On the other hand, the more gentlemanly arts of Fiore and Talhoffer, reserved for the gentry, would have been an advantage over the what the commoners knew, namely I:33 or similar. An "I taught him everything he knows, but not everything I know," kind of situation, designed to favor the gentleman in combat with a peasant, because that wise lord would not want that knowledge to be used against him in a rebellion.

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PostPosted: Wed 18 Jul, 2007 11:12 am    Post subject:         Reply with quote

There are images of armored men using sword and buckler through out the middle ages including the 13th century. I don't think these things are cut and dry armored and unarmored like so many people want to believe; after all Fiore says you can do any of his longsword work in the unarmored parts armored too. It is all part of the over all arsenal of the well trained fighter.
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Hugh Knight




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PostPosted: Wed 18 Jul, 2007 12:17 pm    Post subject:         Reply with quote

James Barker wrote:
There are images of armored men using sword and buckler through out the middle ages including the 13th century. I don't think these things are cut and dry armored and unarmored like so many people want to believe; after all Fiore says you can do any of his longsword work in the unarmored parts armored too. It is all part of the over all arsenal of the well trained fighter.


While I agree about the blurring between armored and unarmored when you're talking about unarmored vs. *partially* armored, I do not agree when it comes to full cap-a-pied armor. That creates a difference not of degree but of kind.

As for what you say about Fiore, are you sure? I think he says *some* of his unarmored material can be applied in armored combat, but I find it hard to believe he says all of it can because as little actual cutting (as opposed to grappling) as Fiore shows, he still does show *some*, and it's pretty universal by the 15th century that you don't cut at someone in armor in serious fighting.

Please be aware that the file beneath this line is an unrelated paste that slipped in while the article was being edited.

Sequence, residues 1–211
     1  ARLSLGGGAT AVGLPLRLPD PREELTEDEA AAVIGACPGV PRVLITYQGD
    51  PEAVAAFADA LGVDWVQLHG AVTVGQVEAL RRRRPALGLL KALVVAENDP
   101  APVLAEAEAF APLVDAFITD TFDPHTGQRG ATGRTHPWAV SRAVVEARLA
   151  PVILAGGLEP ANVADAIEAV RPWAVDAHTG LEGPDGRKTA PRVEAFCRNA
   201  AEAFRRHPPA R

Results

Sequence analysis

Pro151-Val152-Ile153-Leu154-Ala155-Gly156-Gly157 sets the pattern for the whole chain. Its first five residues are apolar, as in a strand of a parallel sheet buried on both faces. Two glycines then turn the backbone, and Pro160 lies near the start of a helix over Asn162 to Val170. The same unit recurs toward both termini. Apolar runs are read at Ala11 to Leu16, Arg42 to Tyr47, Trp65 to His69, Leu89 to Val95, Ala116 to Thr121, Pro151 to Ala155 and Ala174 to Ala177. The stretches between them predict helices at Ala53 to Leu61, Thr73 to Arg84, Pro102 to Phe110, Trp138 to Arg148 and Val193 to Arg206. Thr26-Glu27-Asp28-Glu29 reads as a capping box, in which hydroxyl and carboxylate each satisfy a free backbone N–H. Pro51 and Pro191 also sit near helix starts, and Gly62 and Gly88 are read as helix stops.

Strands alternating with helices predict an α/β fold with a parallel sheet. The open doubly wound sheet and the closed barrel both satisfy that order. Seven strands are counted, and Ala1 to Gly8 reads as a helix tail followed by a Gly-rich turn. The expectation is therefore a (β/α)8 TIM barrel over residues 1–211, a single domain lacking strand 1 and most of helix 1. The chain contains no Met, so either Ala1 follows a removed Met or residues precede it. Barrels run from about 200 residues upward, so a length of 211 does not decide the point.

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Steven H




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PostPosted: Wed 18 Jul, 2007 4:31 pm    Post subject:         Reply with quote

Hugh Knight wrote:

I have found little evidence for halfswording in battle, period. The *vast* majority of the iconographic evidence, with only 5 or 6 exceptions that I've been able to find over many years of searching, shows swords being swung in armored battle, not used to halfsword. Therefore it *must* have been possible to incapacitate an opponent in armor (but not, I'll grant pierce armor) since presumably fights were won during the period, not just a constant set of exhausted draws.


You make a good point, that I still forget sometimes, hitting a person in the head can still be useful even through the helmet. Piercing armour isn't necessary and moreso with cerebro-spinal trauma. You might wind or stun someone through a hauberk or armoured surcoat, or freeze-up their sword arm with a stout blow.

The difficulty is that the less lethal the hit the less reliable it is. A guy hit in the forearm while wearing mail may fall down and yield but he may not (for instance I've continued sparred after breaking two bones Big Grin ).

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Hugh Knight




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PostPosted: Wed 18 Jul, 2007 5:34 pm    Post subject:         Reply with quote

Steven H wrote:
You make a good point, that I still forget sometimes, hitting a person in the head can still be useful even through the helmet. Piercing armour isn't necessary and moreso with cerebro-spinal trauma. You might wind or stun someone through a hauberk or armoured surcoat, or freeze-up their sword arm with a stout blow.